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The Best Winter Traction Devices of 2023

On slippery snow and ice-covered surfaces, standard rubber-soled footwear just doesn't cut it. Winter traction devices — also known as ice cleats and microspikes — attach directly to your shoes and significantly improve grip.

The Best Winter Traction Devices(Photo/Austin Beck-Doss)
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There are many varieties of winter traction devices on the market. Some utilize low-profile metal coils and others function like less aggressive ice climbing crampons. Whether you’re looking to safely walk the icy city streets or trail run through the frozen backcountry, there’s a traction device that matches your needs.

To develop this list, we tested a massive pile of options from brands including Yaktrax, Black Diamond, Kahoola, and Hillsound. After extensive field research involving hiking, running, and slip-sliding over all kinds of terrain, we’ve identified the top traction devices of 2023.

For additional help narrowing down your search, check out our buyer’s guide, FAQ, and comparison chart. Or, simply jump ahead to the category you’re looking for.

The Best Winter Traction Devices of 2023

Best Overall Winter Traction Devices

Kahtoola EXOspikes


  • Weight per pair 7.3 oz. (medium)
  • Traction Twelve tungsten carbide spikes
  • Harness Lightweight elastic rubber with reinforced eyelets
  • Best for Walking, hiking, and running on a variety of surfaces
The Best Winter Traction Devices of 2023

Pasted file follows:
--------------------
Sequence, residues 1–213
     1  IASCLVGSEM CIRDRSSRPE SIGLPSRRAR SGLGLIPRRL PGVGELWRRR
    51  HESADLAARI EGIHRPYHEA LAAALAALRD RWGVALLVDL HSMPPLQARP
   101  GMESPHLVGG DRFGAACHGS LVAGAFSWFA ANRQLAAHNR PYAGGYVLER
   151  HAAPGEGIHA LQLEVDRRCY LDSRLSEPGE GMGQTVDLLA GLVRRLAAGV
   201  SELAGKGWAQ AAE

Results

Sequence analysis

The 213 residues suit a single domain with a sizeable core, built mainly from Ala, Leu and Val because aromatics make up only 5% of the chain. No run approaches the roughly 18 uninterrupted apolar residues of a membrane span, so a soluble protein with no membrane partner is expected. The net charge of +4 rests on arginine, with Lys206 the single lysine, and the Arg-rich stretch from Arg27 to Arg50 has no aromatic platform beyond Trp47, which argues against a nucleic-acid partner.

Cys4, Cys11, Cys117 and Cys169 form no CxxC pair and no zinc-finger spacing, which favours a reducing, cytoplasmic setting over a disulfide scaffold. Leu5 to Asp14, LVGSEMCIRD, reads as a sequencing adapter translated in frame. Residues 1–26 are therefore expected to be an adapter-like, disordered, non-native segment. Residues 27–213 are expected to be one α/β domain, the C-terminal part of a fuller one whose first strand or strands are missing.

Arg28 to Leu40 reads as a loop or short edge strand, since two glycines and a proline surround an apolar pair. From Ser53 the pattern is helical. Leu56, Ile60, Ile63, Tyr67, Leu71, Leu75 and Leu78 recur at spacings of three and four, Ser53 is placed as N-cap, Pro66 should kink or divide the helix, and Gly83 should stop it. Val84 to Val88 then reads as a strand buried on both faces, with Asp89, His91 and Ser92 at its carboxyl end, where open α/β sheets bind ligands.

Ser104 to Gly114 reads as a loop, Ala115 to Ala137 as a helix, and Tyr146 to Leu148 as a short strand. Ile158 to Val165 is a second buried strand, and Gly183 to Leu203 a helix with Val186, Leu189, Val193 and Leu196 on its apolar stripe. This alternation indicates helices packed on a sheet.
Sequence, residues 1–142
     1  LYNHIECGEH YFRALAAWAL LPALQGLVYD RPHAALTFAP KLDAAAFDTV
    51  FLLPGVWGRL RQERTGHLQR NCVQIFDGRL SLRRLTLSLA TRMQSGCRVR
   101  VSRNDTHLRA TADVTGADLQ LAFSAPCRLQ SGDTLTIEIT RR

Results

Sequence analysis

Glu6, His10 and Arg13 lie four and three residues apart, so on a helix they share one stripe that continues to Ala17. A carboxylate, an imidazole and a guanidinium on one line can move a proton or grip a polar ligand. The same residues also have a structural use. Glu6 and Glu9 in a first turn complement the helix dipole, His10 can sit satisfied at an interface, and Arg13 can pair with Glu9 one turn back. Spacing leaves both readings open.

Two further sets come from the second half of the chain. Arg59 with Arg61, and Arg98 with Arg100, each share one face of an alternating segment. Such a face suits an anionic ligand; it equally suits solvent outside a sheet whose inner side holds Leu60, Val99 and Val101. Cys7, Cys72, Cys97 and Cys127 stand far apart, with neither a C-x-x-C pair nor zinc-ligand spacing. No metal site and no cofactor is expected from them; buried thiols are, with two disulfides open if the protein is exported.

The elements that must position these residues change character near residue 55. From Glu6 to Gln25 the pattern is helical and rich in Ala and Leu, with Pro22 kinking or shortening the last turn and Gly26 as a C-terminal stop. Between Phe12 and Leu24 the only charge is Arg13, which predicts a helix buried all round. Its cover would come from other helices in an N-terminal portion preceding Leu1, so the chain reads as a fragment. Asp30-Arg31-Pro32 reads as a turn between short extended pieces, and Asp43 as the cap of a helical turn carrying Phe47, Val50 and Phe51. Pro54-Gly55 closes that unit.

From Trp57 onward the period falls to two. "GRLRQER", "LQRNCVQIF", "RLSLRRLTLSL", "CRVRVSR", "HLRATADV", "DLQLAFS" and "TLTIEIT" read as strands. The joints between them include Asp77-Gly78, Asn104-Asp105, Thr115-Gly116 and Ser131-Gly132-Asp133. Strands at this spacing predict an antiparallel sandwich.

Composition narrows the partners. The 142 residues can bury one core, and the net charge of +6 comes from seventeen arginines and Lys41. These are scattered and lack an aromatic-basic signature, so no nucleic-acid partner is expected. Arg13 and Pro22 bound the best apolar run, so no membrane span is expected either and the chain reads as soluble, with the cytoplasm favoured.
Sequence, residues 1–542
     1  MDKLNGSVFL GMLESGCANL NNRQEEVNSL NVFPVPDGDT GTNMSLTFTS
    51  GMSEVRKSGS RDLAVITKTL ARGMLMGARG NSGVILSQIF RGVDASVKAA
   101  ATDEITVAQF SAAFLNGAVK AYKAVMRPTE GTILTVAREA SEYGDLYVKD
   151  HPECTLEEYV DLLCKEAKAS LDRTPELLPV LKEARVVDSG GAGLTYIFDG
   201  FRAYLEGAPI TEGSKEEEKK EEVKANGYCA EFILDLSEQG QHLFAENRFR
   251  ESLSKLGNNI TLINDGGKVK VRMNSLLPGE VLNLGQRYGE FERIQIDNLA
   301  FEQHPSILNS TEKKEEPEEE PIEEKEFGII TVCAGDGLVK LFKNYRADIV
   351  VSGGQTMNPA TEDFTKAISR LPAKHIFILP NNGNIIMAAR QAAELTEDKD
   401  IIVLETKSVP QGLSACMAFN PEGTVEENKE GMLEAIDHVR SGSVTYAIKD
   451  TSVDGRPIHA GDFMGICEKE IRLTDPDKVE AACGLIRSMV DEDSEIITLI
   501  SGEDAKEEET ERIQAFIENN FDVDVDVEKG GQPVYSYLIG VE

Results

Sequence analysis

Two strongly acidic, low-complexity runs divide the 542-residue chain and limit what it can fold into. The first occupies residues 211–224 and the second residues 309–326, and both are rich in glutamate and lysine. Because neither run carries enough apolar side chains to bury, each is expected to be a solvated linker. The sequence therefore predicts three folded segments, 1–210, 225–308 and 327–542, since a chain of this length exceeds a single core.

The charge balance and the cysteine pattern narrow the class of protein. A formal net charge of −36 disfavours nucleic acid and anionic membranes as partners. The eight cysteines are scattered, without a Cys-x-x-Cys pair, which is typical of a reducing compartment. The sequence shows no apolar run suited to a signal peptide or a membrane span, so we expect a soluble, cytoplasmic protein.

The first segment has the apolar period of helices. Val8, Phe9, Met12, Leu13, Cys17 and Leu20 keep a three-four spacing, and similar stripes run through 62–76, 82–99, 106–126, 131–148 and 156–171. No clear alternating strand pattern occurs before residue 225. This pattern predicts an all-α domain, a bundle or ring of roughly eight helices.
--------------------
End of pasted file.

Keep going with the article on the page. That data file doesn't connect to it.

• Versatile
  • Secure fit
  • Durable cleats don't wear down
  • Grippy on various surfaces


  • Not the most packable
Best Budget Winter Traction Devices

Yaktrax Pro Traction


  • Weight per pair 6.4 oz. (medium)
  • Traction X-pattern of steel coils over rubber harness
  • Harness Rubber with velcro strap
  • Best for Walking, running, and hiking on moderate terrain
The Best Winter Traction Devices of 2023


  • Good value
  • Traction system covers the entire underfoot area
  • Low profile


  • Not ideal for technical terrain
Best Ultralight Winter Traction Devices

Black Diamond Blitz Spike


  • Weight per pair About 3.2 oz. (medium)
  • Traction Six 8 mm stainless steel spikes in the forefoot area
  • Harness Rubber heel webbing loop and thin toe strap
  • Best for Ultralight backpacking, light and fast technical winter travel
The Best Winter Traction Devices of 2023


  • Ultralight
  • Packable
  • Stuff sack included


  • Only provides traction in the forefoot area
Best Winter Traction Devices for Technical Hiking

Hillsound Trail Crampon


  • Weight per pair 1 lb. (medium)
  • Traction 11 2/3" carbon steel spikes per crampon
  • Harness Burly over-foot harness with velcro strap
  • Best for Hiking on steep terrain
The Best Winter Traction Devices of 2023


  • Highly secure harness system
  • Grippy on technical hiking terrain
  • Good value


  • Heavy
  • Despite the name, these aren't technical crampons
Best Winter Traction Devices for Runners

Korkers Ice Runner


  • Weight per pair 11 oz.
  • Traction 22 replaceable carbide studs
  • Harness Rubber underfoot platform and top plate with customizable BOA fit adjustment
  • Best for Running in town and on moderate trails
The Best Winter Traction Devices of 2023


  • Secure fit
  • Replaceable studs improve overall longevity
  • Customizable fit


  • Only compatible with running shoes
Best of the Rest

Yaktrax ICEtrekkers Diamond Grip


  • Weight per pair 11.2 oz. (medium)
  • Traction Free-spinning steel alloy beads slung on steel cable in the forefoot and heel
  • Harness Thin elastic rubber with riveted eyelets
  • Best for In-town use and semi-technical trails
The Best Winter Traction Devices of 2023


  • Innovative traction system
  • Versitile
  • Relatively packable


  • Some users have reported durability issues

Winter Traction Device Comparison Table

Traction DevicePriceWeightTractionHarnessBest for